The Italian Christmas
It’s the Christmas season in America and the craziness has begun. Stores are decorated with the customary red and green. Artificial and real evergreen trees of every size are embellished with ornaments, ribbons and unique trinkets and stand in stores, malls, in front of municipal buildings, churches and on front lawns. Santa Claus is sitting on his throne in the mall so children can have their picture taken with good St. Nick. Newspapers are filled with ads beckoning shoppers to take advantage of the deep discounts offered for clothing, electronics, toys, jewelry and even appliances.
In Italy things are a bit quieter, though Babbo Natale, their version of Santa Claus, continues to insinuate himself into the culture with Christmas trees everywhere. In Italy the month of December is punctuated by Saint Days, panettone, and Christmas cookies indigenous to the different areas of Italy.
Holiday food preparations begin in Advent with 12 varieties of cookies being baked to symbolize the 12 Days of Christmas. The origin of Advent can be traced to the 6th century, but did not initiate the Church’s liturgical year until the 12th century. It is a time for modest treats for children of all ages. The advent calendar window may contain a small piece of chocolate, a sliver of tangerine, some pomegranate seeds, a date, a fig.
In Tuscany it is customary for some families to make up Della Robbia wreath to hang on their door or in their home. The wreath dates back to the 14th century Florentine sculptor, Luca Della Robbia. This circlet of fragrant evergreens is adorned with seasonal fruits, berries and even small vegetables.
The celebrating of Saint Days begins on December 6th with St. Nicholas – candy-making day. Originating from Southern Turkey, the least known St. Nicholas is a cleric who lived, preached and did good works in Le Marche between 1245 and 1305. The more famous St. Nick, the one we indentify with Santa Claus, is an Augustinian bishop from the 4th century. His remains can be found in a Norman basilica in Bari which bears his name.
The connection between gift-giving and St. Nick has a very dark origin. It is believed that he saved three sisters from being sold into prostitution by their indigent father who could not maintain them or provide a dowry for marriage. St. Nick stepped in and gave their father three purses of gold, a dowry for each, thus rescuing them from a life a sin.
The next saint who is venerated on December 13th is St Lucy (Santa Lucia.) St. Lucy’s Day is celebrated with parties at which cardamom spice is used liberally in the cooking, baking and even espresso coffee, which is sprinkled with ground cardamom seeds. In Calabria, which traded with the east for centuries and where cardamom came from, this custom of using gingery spices is still done.
St. Lucy, killed in 304 AD, is the patron Saint of Syracuse, so the Sicilians are devoted to celebrating her day. December 13th is the day Lucy was blinded and became a virgin and martyr for the Church. To commemorate her blindness, bonfires and torch processions are lit for her, giving her the light in her eyes that was taken from her.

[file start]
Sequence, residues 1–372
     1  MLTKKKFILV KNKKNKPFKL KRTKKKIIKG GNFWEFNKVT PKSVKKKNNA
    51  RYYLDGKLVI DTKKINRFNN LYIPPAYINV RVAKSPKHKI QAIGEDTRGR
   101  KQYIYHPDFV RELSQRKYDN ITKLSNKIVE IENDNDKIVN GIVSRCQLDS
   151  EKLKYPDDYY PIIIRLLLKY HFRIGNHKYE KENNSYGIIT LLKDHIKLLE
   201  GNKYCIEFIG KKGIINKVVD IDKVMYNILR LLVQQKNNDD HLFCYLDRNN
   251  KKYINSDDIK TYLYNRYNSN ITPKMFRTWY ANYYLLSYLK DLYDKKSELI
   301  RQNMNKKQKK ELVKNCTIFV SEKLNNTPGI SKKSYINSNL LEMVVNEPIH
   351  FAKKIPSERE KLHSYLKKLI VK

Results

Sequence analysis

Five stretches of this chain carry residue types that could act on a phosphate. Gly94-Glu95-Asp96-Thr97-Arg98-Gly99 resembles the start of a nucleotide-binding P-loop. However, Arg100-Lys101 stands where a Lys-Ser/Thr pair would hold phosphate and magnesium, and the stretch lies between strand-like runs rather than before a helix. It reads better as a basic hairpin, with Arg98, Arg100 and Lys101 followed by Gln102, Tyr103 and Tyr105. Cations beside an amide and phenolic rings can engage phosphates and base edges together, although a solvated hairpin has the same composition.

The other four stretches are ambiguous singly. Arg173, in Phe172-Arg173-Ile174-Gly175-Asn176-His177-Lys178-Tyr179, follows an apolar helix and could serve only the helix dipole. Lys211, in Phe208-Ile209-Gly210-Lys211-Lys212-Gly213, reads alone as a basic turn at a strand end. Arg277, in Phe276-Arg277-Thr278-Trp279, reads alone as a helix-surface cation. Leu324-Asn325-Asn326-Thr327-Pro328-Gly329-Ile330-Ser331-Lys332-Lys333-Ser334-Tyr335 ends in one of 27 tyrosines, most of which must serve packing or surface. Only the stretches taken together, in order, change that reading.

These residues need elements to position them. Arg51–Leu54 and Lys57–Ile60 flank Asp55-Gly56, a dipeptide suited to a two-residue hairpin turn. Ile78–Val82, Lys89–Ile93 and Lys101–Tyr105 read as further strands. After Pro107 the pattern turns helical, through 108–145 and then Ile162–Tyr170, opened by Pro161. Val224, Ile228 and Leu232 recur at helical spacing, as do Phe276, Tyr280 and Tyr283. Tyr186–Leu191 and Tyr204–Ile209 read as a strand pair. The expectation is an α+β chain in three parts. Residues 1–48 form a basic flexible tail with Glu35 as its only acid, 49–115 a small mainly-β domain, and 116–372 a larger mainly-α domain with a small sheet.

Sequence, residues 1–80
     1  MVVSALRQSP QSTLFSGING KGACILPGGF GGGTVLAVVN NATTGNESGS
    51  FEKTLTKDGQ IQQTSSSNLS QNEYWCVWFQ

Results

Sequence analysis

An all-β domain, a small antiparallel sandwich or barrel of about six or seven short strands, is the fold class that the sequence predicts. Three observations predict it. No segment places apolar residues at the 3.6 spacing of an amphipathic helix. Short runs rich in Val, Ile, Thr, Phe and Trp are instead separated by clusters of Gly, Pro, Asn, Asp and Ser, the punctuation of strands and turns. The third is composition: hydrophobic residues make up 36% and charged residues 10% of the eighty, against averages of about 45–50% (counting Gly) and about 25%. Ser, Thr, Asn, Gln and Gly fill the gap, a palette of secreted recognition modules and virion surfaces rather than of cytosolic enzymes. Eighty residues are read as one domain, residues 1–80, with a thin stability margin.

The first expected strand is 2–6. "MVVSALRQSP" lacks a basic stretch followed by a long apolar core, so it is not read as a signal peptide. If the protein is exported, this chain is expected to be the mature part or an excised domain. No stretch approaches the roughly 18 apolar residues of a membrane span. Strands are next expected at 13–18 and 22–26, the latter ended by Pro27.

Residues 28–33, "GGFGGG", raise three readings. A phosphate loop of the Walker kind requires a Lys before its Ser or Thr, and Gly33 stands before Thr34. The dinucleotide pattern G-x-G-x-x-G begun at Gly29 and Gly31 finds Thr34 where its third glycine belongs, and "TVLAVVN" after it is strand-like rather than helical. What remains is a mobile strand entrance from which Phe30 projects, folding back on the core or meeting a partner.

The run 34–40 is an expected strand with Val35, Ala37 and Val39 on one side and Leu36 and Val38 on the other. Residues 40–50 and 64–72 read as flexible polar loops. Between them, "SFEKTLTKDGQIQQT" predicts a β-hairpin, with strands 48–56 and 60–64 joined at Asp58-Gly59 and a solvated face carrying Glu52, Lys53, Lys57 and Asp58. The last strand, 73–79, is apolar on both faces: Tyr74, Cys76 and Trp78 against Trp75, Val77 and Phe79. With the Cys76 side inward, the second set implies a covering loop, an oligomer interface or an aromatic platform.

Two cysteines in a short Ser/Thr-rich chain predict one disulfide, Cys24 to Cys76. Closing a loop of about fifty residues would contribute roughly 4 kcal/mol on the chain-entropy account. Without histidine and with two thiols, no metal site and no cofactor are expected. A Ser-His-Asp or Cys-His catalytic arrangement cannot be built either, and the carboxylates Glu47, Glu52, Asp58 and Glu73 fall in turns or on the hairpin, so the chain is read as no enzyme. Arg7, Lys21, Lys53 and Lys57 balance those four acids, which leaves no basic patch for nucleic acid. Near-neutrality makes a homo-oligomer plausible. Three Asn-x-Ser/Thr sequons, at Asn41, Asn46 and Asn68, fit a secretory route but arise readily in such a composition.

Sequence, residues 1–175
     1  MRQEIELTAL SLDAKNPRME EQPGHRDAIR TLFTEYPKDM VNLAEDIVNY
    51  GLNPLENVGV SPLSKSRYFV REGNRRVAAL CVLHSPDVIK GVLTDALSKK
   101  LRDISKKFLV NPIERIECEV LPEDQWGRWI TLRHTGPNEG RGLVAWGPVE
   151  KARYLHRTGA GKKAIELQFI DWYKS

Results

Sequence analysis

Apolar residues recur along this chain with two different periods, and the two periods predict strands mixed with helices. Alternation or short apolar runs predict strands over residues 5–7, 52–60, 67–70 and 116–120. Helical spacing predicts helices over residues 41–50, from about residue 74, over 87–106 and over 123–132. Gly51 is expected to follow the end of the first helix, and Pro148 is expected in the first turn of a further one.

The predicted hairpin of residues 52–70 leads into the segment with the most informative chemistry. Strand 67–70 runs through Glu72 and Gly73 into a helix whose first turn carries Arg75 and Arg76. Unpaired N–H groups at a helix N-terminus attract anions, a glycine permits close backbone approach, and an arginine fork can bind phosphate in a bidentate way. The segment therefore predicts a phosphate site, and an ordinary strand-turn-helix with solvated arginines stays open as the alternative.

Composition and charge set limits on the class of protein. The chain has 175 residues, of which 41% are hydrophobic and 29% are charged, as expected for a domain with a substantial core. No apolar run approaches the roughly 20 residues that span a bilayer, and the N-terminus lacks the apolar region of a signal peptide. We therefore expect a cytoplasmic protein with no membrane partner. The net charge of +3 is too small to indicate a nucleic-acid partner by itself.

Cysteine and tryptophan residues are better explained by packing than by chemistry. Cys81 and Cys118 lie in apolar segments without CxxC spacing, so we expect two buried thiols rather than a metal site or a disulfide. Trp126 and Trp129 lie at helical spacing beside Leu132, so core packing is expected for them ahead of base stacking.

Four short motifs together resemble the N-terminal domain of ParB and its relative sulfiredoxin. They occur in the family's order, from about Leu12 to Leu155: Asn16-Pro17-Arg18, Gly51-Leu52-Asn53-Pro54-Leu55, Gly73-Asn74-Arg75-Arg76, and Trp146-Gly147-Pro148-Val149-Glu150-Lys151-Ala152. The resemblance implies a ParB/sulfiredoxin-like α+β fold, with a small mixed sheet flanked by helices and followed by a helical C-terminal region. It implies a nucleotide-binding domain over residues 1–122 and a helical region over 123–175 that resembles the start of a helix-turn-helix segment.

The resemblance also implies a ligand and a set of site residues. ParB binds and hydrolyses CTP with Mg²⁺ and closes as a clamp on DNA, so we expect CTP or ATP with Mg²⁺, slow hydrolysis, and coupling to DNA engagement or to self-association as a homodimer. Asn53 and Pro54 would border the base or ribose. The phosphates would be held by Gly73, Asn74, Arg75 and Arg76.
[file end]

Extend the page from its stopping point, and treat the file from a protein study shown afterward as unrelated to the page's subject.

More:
Of course, throughout Italy and especially in Naples, Christmas would not be Christmas without the Presepio or the spectacular manger scene. Churches all over compete to make the most interesting and complete manger scene. Besides the customary Jesus, Mary, Joseph, shepherds, kings and angels, characters added based on the region’s history and local buildings are added.
The last Saint Day celebrated is St. Stephen’s day on December 26th. St. Stephen was stoned to death in 36AD in Jerusalem after having been tried before a Jewish Judicial Tribunal for blasphemy. Because he is the patron saint of horses, it is customary to bake bread in the shape of horseshoes. Chestnuts are roasted on St. Stephen’s Day and chestnut desserts and mulled wine are served. This simple menu makes sense since most family have feasted on sumptuous meals on Christmas Eve and Christmas Day, surrounded by family.
One Christmas traditions that is waning because of the American Santa Claus or Babbo Natale is the tradition of La Befana.
La Befana is an old woman or witch on a broomstick who delivers gifts to children on January 6th. She fills the good children’s socks with candy and the bad children’s socks with coal or a stick. La Befana is believed to be descended from the ancient goddess of the Sabines named Streina, who gave figs, dates and honey to children for the New Year.
One of the three places in Italy which are noted for having preserved the custom of La Befana is Rome’s Piazza Navona, which holds a festival in her honor. Toys, candles and sugar charcoal are sold among the many stands of food and crafts. The Province of Pesaro and Urbino also keep the tradition of La Befana alive. Children are encouraged to write La Befana letters telling of their desired wishes. A glass of wine and a plate of small tidbits are left for her. Of course, just like Santa Claus’ cookies and milk are gone in the morning, so too are the wine and treats in Italy. One thing she does that Santa does not do is to use her broom to sweep and make the house clean.
Although Italy has incorporated many American customs for Christmas, it is done on a much smaller scale. No one is killing another to get that large screen TV at a rock bottom price. No one is lined up at five in the morning to get that best buy. Children are given gifts but no buried under them. I have a neighbor who sets aside one room in December for all the Christmas gifts bought for her immediate and extended family. When you open the door, the room is filled from floor to ceiling with gifts. I don’t think Italy has bought into the conspicuous consumption that is standard in American now. Perhaps, we should take a lesson.